After 33 years in obscurity, an important adaptation is finally released on DVD.
Frankenstein: The True Story
‘ (1973) was Originally broadcast over 2 nights back in 1973. ‘
‘ starred James Mason, Michael Sarrazin, David McCallum, Ralph Richardson, John Gielgud, Leonard Whiting, Jane Seymour and Agnes Moorehead, was directed by Jack Smight and written by Christopher Isherwood, the writer of ‘
‘ (1972). This filmisation is widely acknowledged to be the most faithful of adaptations, outshining even Kenneth Branagh’s 1994 ‘
Mary Shelley’s Frankenstein
‘. In fact, the Branagh version borrowed many themes from the 1973 Isherwood version without improving upon any of it.
Writer Isherwood, while being faithful to the source material was also comprehensive in his effort to do justice to the Frankenstein legacy by drawing heavily from not only the Shelley novel, but also elements of James Whale’s 1931 follow-up to ‘
The Bride of Frankenstein
‘ (1935). The film is daring in its presentation of Michael Sarrazin as the Creature, who evolves from a beautiful young man to an ugly homunculus as a result of his slow necrotization. Equally ambitious is Isherwood’s Pygmalion treatment of James Whale’s ‘
Bride of Frankenstein
‘, as Jane Seymour’s Prima evolves from a childlike tabula rasa to a full-blown debutante before her untimely demise.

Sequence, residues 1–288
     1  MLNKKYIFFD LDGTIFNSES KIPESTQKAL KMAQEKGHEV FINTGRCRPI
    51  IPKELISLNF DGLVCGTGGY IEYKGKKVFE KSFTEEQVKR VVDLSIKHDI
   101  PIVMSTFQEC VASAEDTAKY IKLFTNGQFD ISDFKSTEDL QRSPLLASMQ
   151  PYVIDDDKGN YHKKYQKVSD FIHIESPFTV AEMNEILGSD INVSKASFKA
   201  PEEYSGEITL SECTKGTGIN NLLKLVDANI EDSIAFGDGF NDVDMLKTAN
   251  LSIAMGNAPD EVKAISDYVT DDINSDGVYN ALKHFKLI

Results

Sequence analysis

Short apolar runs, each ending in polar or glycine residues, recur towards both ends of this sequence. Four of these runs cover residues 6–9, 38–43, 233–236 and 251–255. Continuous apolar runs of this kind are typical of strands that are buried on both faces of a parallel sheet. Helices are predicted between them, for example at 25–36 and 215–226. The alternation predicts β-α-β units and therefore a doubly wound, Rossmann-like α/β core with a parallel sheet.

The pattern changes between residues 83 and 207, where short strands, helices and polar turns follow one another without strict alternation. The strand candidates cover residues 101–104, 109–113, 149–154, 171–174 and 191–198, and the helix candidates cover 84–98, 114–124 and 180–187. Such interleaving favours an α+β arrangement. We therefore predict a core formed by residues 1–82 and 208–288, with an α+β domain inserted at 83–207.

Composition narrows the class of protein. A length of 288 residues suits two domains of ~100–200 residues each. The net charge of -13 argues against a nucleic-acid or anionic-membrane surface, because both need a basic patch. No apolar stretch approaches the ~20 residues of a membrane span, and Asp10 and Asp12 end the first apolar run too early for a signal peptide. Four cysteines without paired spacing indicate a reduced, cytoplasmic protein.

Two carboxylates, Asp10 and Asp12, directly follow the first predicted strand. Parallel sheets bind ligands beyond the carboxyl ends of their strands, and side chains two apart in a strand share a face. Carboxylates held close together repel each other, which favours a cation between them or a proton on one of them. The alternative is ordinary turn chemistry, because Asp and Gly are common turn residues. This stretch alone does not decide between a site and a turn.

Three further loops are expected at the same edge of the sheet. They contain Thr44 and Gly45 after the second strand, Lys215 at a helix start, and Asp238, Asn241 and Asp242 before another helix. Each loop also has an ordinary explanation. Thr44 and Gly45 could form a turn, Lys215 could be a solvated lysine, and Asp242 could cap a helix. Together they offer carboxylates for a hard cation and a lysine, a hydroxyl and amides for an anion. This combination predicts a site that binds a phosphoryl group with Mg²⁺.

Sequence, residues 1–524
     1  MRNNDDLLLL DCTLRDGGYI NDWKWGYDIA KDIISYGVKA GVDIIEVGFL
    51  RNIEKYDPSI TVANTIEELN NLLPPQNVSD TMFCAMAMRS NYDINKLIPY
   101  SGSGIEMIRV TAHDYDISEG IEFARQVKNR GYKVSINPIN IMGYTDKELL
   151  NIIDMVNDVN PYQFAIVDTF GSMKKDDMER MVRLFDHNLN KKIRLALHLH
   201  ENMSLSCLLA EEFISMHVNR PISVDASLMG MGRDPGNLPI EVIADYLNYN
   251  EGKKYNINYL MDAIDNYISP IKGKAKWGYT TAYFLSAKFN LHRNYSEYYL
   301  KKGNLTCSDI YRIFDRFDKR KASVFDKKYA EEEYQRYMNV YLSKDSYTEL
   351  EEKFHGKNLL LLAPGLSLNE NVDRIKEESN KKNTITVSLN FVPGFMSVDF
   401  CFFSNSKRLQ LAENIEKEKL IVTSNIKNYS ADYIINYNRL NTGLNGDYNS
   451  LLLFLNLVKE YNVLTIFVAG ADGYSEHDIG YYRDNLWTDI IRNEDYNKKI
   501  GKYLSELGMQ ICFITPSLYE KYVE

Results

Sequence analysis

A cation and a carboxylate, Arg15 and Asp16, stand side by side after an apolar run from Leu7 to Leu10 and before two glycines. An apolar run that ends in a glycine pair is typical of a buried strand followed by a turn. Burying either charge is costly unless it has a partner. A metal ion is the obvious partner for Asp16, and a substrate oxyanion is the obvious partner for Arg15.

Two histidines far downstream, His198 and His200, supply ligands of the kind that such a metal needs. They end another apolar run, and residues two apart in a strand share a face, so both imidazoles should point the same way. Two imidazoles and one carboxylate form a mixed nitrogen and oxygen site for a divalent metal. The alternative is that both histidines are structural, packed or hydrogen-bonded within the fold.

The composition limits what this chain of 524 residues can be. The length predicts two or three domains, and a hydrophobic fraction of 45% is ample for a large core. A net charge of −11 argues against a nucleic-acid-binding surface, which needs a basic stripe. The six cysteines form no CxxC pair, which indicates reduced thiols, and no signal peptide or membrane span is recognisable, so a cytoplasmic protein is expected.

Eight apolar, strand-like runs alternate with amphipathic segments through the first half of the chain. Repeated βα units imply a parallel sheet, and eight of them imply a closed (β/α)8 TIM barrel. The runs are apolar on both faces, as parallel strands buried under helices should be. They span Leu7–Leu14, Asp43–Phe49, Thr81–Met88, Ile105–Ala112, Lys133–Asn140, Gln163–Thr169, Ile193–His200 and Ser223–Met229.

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Having never read an Ellroy novel before, I was fully absorbed by the antiheroics of his characters and the perversions of postwar Hollywood, such that when 1997′s
came out, I’d read one or tree more Ellroy novels and I was ready to see a hard-bitten and gritty film. I wasn’t disappointed.
Flash-forward 8 or 9 years and it is announced that Brian DePalma is going to direct
– this only after David Fincher has dropped out a year before. DePalma’s fine legacy of thrillers including ‘Scarface’ (1983), ‘Carrie’ (1976), ‘Dressed to Kill’ (1980), ‘Blow Out’ (1981) and the thematically relevant ‘Body Double’ (1984) should have made him a suitable interpreter of this
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While I was hanging out in a DishTV household late last month, I had the opportunity to revisit 2004′s ‘Century City’ and see a few of its unaired 9 episodes on Universal’s HD satellite channel.
This is one show that shouldn’t have died as hard as it did. The show only lasted for 4 weeks, but it had tremendous potential. It wasn’t just a lawyer show, but a well considered piece of speculative fictiion, where they mulled the implications of science’s impact on our immediate future. One of the ongoing arcs concerned one of the attorneys who was the product of a government genetics program — she and her ‘siblings’ had been created without the ability to procreate, but as fully endowed and ‘free’ American citizens, it became an issue as to whether they should have access to technology that would allow them to have children.
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